ACLU Sues Texas Over Alleged Noncitizen Voter Purge

February 5, 2019 Updated: February 5, 2019

The American Civil Liberties Union, in conjunction with its Texas chapter and several other progressive groups, filed a federal lawsuit against top elections officials in Texas on Feb. 4.

The suit accuses Secretary of State David Whitley and Director of Elections Keith Ingram, among others, of creating a flawed voter purge list “that discriminates against naturalized citizens.”

The litigation stems from Whitley’s announcement on Jan. 25, in which he said that roughly 95,000 non-U.S. citizens were listed on Texas voter rolls, with about 58,000 of them having voted at least once. Noncitizen voting is a second-degree felony in Texas, and the purported discovery could substantially validate conservative claims of widespread voter fraud.

President Donald Trump wrote on Twitter on Jan. 27: “These numbers are just the tip of the iceberg. All over the country, especially in California, voter fraud is rampant. Must be stopped.”

Trump also endorsed Texas Attorney General Ken Paxton, who wrote on Twitter: “Any illegal vote deprives Americans of their voice.”

For the past year, the Texas secretary of state’s office has worked with the state Department of Public Safety to evaluate public information related to noncitizens. The agencies cross-referenced the data with voter rolls and the process identified tens of thousands of improper registrations and potential voting felonies.

Whitley then issued an advisory to the state’s 254 county registrars to more actively address voter roll maintenance issues, and further identify any noncitizens who may still be registered to vote.

The American Civil Liberties Union (ACLU), however, claims the state’s election activities have amounted to nothing more than an abuse of voting rights.

“This exercise is a thinly veiled attempt to advance the voter fraud myth to justify restrictive voter requirements and suppress voting rights,” said Sophia Lakin, staff attorney with the ACLU’s Voting Rights Project, in a statement.

“We’re suing Texas for rolling out this error-ridden voter purge program that unlawfully targets and threatens the voting rights of eligible and duly registered naturalized citizens,” Lakin said.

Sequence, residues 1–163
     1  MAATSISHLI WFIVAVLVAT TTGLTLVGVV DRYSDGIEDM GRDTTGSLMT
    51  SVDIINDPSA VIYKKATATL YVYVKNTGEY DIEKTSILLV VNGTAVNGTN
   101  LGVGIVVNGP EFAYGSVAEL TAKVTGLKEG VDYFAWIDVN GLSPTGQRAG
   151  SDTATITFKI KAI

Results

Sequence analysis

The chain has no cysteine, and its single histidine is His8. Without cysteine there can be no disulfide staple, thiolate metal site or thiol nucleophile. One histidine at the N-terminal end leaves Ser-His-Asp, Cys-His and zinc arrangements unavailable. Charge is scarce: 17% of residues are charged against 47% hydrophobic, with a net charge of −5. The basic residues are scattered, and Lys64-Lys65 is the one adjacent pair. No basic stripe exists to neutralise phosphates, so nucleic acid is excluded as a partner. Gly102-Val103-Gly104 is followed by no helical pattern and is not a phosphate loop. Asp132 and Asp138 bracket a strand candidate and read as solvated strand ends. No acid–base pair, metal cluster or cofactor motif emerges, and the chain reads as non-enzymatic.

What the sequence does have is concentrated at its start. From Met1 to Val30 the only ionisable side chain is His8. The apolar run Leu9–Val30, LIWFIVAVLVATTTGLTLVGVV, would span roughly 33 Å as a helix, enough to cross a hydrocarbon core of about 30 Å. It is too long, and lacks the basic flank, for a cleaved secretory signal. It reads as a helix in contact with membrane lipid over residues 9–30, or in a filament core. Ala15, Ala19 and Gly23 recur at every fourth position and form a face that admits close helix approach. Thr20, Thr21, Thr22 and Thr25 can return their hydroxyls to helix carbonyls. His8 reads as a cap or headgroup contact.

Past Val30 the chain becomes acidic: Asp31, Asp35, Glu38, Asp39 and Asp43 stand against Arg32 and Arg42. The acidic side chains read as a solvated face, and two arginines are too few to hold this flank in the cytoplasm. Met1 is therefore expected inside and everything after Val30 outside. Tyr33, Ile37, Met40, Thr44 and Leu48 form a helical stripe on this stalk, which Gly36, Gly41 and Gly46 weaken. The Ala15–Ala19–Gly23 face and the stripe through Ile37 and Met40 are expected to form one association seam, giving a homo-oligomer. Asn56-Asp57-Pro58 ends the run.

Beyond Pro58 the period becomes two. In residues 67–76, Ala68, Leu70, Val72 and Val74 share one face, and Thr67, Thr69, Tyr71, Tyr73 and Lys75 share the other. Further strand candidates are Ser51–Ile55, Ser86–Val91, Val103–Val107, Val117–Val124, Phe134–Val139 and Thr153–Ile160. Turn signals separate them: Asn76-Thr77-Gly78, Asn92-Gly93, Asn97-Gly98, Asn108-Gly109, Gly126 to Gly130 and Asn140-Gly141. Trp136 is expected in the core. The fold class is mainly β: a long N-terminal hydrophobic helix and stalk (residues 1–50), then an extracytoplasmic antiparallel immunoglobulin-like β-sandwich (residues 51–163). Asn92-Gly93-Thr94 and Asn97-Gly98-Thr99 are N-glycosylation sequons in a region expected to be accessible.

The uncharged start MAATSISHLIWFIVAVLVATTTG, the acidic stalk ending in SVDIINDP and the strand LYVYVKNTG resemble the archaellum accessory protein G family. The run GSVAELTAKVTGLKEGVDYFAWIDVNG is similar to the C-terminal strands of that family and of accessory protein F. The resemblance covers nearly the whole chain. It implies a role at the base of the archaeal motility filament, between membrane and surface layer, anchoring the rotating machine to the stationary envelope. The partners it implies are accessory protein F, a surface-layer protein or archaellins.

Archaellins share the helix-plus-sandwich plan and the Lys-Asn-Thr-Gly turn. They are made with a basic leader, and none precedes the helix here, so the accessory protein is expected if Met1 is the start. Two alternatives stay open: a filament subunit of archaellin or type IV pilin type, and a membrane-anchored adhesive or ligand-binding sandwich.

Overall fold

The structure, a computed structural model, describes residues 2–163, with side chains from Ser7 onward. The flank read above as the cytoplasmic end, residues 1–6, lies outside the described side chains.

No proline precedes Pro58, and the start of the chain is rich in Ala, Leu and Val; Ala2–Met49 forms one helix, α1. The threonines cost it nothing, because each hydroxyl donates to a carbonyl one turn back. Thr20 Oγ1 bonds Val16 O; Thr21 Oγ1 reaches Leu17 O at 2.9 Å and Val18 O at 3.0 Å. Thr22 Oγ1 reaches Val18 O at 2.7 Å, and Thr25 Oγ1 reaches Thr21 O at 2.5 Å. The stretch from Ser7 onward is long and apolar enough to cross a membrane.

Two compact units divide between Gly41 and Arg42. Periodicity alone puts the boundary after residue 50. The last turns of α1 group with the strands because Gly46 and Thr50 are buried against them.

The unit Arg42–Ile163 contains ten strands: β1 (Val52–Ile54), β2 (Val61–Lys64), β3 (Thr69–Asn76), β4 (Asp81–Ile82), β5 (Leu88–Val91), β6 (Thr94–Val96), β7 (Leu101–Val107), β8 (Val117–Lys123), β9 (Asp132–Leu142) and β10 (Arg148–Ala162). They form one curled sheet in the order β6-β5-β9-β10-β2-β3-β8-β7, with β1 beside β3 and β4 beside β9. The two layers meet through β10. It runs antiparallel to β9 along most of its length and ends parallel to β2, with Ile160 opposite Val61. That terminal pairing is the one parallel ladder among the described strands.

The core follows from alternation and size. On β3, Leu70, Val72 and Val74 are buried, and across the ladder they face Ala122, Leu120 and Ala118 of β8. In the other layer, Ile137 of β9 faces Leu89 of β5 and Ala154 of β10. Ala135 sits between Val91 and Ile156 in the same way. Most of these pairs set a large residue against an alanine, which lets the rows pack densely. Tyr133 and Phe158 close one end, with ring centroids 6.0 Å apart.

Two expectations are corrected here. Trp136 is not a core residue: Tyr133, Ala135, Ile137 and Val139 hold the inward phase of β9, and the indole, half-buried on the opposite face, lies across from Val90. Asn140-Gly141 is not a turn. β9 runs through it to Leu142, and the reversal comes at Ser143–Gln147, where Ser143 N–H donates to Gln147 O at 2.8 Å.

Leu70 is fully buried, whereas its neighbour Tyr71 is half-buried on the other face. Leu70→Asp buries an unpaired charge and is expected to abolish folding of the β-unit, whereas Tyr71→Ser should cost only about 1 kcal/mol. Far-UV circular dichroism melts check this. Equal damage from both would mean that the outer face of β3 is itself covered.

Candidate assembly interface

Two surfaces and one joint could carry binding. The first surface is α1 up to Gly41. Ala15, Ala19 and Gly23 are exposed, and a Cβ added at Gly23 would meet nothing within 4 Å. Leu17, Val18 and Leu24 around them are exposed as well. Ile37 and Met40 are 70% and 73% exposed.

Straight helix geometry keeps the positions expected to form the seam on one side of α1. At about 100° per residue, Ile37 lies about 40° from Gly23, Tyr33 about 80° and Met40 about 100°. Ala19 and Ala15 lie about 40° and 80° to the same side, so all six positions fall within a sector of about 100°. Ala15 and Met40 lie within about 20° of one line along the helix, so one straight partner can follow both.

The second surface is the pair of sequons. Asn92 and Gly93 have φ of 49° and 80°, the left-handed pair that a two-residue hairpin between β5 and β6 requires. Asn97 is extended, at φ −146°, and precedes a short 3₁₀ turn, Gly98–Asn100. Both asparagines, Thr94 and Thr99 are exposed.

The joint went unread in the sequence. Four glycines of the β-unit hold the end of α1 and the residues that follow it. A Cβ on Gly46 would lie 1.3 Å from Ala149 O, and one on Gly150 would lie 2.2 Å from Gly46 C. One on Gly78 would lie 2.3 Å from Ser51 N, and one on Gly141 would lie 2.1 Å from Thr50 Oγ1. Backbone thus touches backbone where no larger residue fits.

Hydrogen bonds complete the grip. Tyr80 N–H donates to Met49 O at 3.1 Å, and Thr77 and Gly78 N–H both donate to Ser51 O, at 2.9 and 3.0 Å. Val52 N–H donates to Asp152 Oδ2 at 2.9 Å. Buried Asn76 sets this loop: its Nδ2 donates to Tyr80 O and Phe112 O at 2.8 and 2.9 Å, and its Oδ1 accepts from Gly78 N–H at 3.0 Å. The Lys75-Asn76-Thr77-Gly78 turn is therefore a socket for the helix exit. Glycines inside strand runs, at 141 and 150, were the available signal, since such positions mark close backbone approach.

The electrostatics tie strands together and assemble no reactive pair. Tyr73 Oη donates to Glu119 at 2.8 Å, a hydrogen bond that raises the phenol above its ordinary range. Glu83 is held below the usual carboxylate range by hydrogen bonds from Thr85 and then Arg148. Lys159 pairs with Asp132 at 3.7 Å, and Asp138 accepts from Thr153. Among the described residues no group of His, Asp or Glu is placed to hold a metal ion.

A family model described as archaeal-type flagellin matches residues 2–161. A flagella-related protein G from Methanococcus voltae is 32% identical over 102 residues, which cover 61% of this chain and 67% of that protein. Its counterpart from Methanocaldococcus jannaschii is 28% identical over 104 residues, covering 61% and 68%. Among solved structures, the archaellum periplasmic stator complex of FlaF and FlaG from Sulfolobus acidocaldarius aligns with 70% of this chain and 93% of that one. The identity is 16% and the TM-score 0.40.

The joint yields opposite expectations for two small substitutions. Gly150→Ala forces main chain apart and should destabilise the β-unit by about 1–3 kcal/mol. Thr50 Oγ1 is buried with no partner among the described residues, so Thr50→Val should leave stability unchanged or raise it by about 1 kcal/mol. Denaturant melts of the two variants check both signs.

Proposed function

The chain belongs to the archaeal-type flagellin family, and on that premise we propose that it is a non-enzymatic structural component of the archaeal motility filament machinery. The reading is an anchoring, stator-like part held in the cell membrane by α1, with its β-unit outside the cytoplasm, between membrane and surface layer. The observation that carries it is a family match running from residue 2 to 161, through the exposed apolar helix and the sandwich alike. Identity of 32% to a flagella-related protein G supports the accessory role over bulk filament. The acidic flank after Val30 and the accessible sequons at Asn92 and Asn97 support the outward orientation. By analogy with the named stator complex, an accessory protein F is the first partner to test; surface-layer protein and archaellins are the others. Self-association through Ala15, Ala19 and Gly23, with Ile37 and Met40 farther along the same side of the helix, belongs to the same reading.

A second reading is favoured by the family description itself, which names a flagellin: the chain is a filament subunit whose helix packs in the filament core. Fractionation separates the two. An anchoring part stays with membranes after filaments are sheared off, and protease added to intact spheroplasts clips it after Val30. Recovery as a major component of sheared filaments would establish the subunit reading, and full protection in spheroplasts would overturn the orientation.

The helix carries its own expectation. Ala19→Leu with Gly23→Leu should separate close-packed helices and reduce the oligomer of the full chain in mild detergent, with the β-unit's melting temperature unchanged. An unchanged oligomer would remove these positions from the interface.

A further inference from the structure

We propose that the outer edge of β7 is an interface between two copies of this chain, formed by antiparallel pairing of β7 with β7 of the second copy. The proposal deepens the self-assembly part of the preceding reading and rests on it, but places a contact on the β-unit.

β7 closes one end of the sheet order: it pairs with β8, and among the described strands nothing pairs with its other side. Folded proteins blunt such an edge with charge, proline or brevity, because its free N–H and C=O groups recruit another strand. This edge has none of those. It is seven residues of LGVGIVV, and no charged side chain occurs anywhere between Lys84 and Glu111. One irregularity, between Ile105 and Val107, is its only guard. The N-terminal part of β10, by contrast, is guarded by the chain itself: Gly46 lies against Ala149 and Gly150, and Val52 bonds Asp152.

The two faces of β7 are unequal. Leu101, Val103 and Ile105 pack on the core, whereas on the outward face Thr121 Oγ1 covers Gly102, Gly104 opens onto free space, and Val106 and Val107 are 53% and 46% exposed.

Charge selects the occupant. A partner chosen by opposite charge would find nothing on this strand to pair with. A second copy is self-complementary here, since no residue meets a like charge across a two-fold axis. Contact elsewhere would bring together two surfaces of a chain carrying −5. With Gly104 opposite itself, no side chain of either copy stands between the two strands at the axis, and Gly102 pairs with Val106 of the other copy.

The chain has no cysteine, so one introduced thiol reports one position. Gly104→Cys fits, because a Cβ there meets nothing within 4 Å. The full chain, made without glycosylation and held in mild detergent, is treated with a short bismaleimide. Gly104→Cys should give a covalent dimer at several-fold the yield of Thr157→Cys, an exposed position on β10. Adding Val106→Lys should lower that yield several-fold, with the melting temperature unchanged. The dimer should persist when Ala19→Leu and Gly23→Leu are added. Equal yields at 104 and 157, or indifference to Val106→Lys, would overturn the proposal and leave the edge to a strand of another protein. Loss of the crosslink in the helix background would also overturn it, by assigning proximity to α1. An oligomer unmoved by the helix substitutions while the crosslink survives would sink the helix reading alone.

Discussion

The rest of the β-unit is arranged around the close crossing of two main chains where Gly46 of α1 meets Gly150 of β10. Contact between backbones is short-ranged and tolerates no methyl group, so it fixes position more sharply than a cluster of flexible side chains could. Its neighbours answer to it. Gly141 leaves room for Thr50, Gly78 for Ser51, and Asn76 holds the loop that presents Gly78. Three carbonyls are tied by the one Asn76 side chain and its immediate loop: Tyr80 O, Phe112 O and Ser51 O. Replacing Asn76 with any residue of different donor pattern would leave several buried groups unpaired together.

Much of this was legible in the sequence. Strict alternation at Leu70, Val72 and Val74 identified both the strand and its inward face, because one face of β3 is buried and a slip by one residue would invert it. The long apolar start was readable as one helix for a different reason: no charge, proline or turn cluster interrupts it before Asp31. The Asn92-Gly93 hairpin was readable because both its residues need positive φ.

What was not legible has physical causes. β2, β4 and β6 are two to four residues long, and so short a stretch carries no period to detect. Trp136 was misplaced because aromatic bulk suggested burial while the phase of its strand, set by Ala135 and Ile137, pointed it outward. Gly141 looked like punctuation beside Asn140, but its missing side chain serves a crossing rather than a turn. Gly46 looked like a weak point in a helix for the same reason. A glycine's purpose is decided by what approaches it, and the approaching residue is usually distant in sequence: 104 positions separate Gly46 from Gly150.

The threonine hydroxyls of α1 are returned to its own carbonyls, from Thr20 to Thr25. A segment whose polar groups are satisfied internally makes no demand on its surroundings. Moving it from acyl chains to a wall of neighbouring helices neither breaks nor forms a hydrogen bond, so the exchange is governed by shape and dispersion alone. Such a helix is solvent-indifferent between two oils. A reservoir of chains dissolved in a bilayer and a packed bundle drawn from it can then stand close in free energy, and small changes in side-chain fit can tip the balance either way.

The case was filed on behalf of four nonprofits—MOVE Texas Civic Fund, Jolt Initiative, League of Women Voters of Texas, and NAACP of Texas.

The plaintiffs’ lawsuit asserts that Whitley’s advisory is unconstitutional, and petitions the U.S. District Court for the Southern District of Texas, Galveston Division, to block all Texas counties from sending notices to individuals requiring them to prove their citizenship or from removing them from voter rolls if they do not reply.

A sizable flaw in the noncitizen identification process is that many of the named noncitizens have apparently become naturalized U.S. citizens during the time period included in Whitley’s investigation.

On Feb. 1, the secretary of state’s office issued new advisory guidance on how to investigate noncitizen voting after counties across the state had removed nearly 20,000 people from the lists the state initially provided. Those individuals had already proved their citizenship status through the Department of Public Safety.

The mistake was immediately seized upon by the ACLU and other critics of the voter integrity project—and voter fraud in general.

“The right to vote is sacrosanct. Yet, the Texas Secretary of State has engaged in a sloppy exercise that threatens to unfairly strip people of the opportunity to participate in American democracy,” said Andre Segura, legal director for the ACLU of Texas.

Brendan Downes, an attorney for the Lawyers’ Committee for Civil Rights, said “the Texas Secretary of State simply chose to assume the worst,” and Chiraag Bains of the George Soros-funded nonprofit Demos, added that “Texas is stirring up anti-immigrant sentiment, undermining the public’s faith in our democracy.”

The ACLU also sent Whitely a letter stating that he has 90 days to cease all noncitizen voter integrity activities or it will file an additional federal lawsuit pursuant to the National Voter Registration Act.

Shutting down all efforts to identify noncitizen voters due to a portion becoming naturalized citizens could impact similar voter integrity efforts.

For years, the Public Interest Legal Foundation, a conservative election law organization, has touted the benefits of comparing driver licensing data against voter registration records to identify potential noncitizens.

The group is currently involved in a federal lawsuit against Harris County, which encompasses the city of Houston, to access records detailing the extent of noncitizen voter registration and detection.

“This shows why Harris county must release the alien voting records we have sought for a year,” PILF President and general counsel J. Christian Adams said after Whitley’s announcement last week.

“We all know they exist. We all know aliens are voting in our elections. It’s time Harris and other states stop hiding the documents. Attorney General Ken Paxton and Secretary David Whitley deserve full marks for pursuing this matter and recognizing that Texas does not have a mechanism to protect noncitizens from becoming registered to vote,” Adams said.

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